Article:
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Over the years, airlines have generally produced poor returns: for this alone I have long chastised those who even entertain the idea of purchasing shares in airlines.

Yet Qantas always has its fans. Earlier this week there was another new buy call on Qantas as Bank of America Merrill Lynch recommended the stock on the back of higher airfares and the prospect of capital returns.

What about the wonderful Qantas turnaround, some might ask: actually, Qantas shares are trading where they were about 11 years ago and Virgin’s shares are 90 per cent lower than where they were 11 years ago.

In addition, accounting standards allow big differences between reported profits and “economic” profits in the sector.

Of course, stockmarkets have short memories and investors instead look to the six-fold jump in Qantas’s shares since January 2014 as reason to think airlines have changed their spots.

One of the inescapable issues for airlines is the need to fund new aircraft to remain fresh, efficient and competitive. The problem is that airline accounting doesn’t do a great job of reflecting the true cost of running the airline and replacing the planes.

The depreciation expense in the profit-and-loss statement is based on the historical cost of an aircraft that could be more than 15 years old and if the depreciation change were instead replaced with an equally creative “provision-for-replacement of aircraft” charge, the expense on the profit-and-loss statement would be much larger and the accounting profit could quickly turn into a loss.

Another way to test whether any real money is being made is to look past the reported accounting profits to the cash flows.

In Qantas’s case, the company has also been reporting strong cash flows in recent years.

In 2014, the year the company wrote down the value of its international fleet by $2.6 billion, Qantas reported a $2.8bn headline loss and a $640 million underlying loss. However, the operating cash flow amounted to just over $1bn.

Fast forward to 2017 and while reported profit had grown to $852m, cash flow from operations grew to $2.7bn. And since 2014, the share price is up over six-fold.

So, what gives? Have airlines suddenly become high-quality businesses that we should hope to own for the long term? Or is there something the strong cash flow isn’t reflecting?

As an aside, Warren Buffett has previously been on the record pointing out that had he been at Kitty Hawk in 1903 when Orville Wright took off for his maiden voyage, he hoped that he would have had the presence of mind, for the benefit of all future capitalists, to have shot him down. This is due to the tremendous aggregate losses airlines have accumulated over decades.

Those losses are a function of airlines being incredibly capital and labour-intensive, and there’s the small matter of some competitors having access to cheaper fuel thanks to ties to royal families or supportive governments.

Yet only back in January, Buffett’s flagship investment company Berkshire Hathaway had airlines: the share portfolio, led by Ted Weschler and Todd Combs, owned a $US11bn stake in United Airlines, Delta Airlines, Southwest and American Airlines. All are lower since the start of the year.

So back to the original question; have airlines become compelling investment opportunities?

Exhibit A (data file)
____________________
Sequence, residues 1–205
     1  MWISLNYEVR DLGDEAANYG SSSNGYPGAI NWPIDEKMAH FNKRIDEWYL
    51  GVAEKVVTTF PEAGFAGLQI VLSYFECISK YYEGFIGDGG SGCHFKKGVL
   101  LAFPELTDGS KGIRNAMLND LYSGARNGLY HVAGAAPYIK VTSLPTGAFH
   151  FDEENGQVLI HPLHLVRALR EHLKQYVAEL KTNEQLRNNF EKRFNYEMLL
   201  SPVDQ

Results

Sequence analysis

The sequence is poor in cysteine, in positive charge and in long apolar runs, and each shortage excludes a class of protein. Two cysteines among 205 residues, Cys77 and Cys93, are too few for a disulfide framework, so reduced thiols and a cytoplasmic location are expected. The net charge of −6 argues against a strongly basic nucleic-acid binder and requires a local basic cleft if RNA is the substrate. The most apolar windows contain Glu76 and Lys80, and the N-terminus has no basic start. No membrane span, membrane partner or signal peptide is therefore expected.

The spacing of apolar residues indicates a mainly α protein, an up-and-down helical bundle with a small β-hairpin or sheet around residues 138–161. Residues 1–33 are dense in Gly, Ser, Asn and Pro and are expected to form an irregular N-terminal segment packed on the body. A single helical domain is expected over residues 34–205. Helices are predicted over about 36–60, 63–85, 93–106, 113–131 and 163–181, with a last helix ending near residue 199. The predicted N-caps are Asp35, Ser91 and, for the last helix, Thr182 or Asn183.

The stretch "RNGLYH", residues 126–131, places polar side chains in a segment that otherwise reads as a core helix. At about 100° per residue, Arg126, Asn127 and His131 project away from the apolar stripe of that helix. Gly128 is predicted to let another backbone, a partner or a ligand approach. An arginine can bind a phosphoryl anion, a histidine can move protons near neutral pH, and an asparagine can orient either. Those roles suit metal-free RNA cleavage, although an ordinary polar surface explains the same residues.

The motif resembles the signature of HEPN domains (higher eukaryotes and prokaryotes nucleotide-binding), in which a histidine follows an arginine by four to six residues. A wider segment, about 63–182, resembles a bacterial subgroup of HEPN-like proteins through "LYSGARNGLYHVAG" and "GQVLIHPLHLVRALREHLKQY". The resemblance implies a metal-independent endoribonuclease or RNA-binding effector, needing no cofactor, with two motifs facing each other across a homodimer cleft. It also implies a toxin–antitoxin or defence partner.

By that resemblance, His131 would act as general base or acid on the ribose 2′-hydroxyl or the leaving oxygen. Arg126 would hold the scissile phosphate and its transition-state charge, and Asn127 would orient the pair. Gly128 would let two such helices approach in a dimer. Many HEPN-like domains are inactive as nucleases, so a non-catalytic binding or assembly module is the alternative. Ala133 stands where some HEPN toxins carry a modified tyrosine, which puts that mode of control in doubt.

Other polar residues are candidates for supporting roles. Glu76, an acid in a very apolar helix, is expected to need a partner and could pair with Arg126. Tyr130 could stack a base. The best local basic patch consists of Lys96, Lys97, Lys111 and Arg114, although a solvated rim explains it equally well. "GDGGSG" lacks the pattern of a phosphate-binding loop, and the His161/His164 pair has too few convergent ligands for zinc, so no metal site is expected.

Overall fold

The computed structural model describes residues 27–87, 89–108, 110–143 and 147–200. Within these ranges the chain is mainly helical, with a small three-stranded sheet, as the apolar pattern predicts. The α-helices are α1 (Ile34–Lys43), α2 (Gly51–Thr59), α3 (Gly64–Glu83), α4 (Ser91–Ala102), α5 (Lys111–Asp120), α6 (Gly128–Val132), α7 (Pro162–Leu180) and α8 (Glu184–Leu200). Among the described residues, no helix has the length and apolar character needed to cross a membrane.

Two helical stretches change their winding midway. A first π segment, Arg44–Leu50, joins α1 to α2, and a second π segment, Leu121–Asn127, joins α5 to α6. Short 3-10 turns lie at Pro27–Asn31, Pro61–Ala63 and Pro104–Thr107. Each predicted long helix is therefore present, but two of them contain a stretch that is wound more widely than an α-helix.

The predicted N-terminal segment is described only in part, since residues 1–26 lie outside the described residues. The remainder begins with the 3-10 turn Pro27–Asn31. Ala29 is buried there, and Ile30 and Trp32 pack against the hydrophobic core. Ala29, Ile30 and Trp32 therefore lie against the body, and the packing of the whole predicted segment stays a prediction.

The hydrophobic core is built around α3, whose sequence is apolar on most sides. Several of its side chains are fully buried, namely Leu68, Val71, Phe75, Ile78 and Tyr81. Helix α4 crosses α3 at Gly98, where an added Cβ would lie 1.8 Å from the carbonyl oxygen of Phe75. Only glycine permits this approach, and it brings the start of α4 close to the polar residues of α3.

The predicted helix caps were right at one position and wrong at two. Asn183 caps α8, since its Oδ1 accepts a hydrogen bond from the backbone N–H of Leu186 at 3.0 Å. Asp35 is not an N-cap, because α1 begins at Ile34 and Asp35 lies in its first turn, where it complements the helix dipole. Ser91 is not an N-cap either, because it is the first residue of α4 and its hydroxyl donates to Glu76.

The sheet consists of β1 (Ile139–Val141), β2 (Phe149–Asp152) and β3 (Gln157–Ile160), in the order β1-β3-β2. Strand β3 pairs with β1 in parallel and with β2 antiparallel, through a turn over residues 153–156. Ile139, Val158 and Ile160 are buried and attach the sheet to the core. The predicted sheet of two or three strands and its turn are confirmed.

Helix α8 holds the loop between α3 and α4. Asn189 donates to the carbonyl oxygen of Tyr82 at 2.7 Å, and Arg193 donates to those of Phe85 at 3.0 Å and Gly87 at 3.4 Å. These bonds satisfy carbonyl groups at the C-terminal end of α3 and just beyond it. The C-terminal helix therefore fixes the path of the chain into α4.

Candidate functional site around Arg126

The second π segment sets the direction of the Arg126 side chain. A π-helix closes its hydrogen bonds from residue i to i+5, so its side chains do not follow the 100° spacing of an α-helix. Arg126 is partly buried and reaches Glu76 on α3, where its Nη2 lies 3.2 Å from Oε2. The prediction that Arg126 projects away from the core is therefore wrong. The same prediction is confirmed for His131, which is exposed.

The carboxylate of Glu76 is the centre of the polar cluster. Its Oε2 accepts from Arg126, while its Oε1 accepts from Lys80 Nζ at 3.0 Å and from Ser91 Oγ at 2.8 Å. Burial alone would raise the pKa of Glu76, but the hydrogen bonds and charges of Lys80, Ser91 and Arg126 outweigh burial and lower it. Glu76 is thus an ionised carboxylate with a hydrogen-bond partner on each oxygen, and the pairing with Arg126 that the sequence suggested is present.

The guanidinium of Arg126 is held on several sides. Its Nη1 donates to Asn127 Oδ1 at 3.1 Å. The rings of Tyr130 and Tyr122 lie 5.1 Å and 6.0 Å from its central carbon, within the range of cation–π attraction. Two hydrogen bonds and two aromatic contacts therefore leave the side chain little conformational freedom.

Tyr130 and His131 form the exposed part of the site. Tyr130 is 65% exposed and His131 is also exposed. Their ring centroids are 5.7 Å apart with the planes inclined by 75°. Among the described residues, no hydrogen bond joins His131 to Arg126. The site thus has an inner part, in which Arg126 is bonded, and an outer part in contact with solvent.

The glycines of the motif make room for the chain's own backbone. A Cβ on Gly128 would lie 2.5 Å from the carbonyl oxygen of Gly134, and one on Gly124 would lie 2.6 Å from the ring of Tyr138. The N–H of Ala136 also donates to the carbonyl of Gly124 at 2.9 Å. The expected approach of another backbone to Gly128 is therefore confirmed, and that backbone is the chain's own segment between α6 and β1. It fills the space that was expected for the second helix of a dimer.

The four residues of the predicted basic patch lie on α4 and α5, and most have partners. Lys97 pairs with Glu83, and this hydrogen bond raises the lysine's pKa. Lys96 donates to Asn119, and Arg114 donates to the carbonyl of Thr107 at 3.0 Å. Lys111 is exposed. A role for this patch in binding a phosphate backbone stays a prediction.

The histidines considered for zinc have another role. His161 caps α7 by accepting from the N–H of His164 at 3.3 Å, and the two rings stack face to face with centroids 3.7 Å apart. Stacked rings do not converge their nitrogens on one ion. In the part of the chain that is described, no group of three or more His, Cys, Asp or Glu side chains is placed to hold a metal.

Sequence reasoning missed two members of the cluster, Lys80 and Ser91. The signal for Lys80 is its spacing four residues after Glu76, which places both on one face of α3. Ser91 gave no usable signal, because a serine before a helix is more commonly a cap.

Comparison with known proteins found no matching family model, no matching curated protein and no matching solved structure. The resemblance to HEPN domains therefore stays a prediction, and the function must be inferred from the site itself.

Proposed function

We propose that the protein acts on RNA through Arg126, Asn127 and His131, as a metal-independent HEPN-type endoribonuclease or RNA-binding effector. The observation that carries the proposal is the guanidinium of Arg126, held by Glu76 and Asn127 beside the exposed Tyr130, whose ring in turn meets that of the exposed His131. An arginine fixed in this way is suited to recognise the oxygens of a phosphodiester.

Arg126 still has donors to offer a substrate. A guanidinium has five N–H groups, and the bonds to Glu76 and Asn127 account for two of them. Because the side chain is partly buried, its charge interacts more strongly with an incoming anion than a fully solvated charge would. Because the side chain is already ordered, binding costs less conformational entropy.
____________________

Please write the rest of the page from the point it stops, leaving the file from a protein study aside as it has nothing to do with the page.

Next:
No. Here’s why.

First, while the company’s cash flows look great, they have benefited in recent years from generally declining oil prices.

In July 2008, West Texas Intermediate crude oil traded at $US147 a barrel. By February 2016, the oil price had fallen to less than $US26. But since then oil has almost tripled to over $US70 and analysts at UBS now believe Qantas could be hit with a $700m negative shift in fuel costs from FY18 levels to the current spot price.

And while the impact might be offset by an expected 10 per cent increase in domestic revenue, there’s the matter of $400m a year in cash tax payments starting in the 2019 financial year.

In addition to benefiting from cheaper fuel, cash flows have also been boosted by a strategy that has allowed the fleet to age.

As I said earlier, the most expensive part of running an airline is replacing old, cheap planes with newer and more expensive models. Airlines cannot escape this capital expenditure lest passengers jump to competing airlines with fancier entertainment offerings and more comfortable seats, bars and beds.

You can call it a disciplined approach to capital spending or you could say the board might prefer to see the share price go up now, maximise share price-related incentives for current management and leave the reality of replacing planes to the next CEO.

On that matter, having served as CEO for almost a decade, it’s time to wonder whether Alan Joyce will stick around through the next potentially more challenging period, or perhaps leave that job to Alison Webster, who runs Qantas International.

Whichever way you spin it, investment bank UBS notes Qantas’s “fleet age has increased from 7.7 years in 2015 to a current 10.2 years”. They also note that the fleet is now older than the last peak of nine years in 2007.

According to the same report, Qantas has introduced just nine new aircraft or 3.7 per cent of group seat capacity over the last three years and so a minimum of $1.4bn a year will be required to maintain a constant fleet age, with an additional $300m spend on the non-aircraft asset base making $1.7bn.

That matches depreciation, but depreciation is based on historical costs so it is still probably undercooking how much is needed to keep the fleet fresh, new and competitive.

And that means future cash flows might not look as good as recent numbers suggest. You cannot escape being an airline, you will have to eventually replace planes and keep in mind even Buffett’s airline investments are not going so well this year.

Roger Montgomery is founder and chief investment officer of the Montgomery Fund.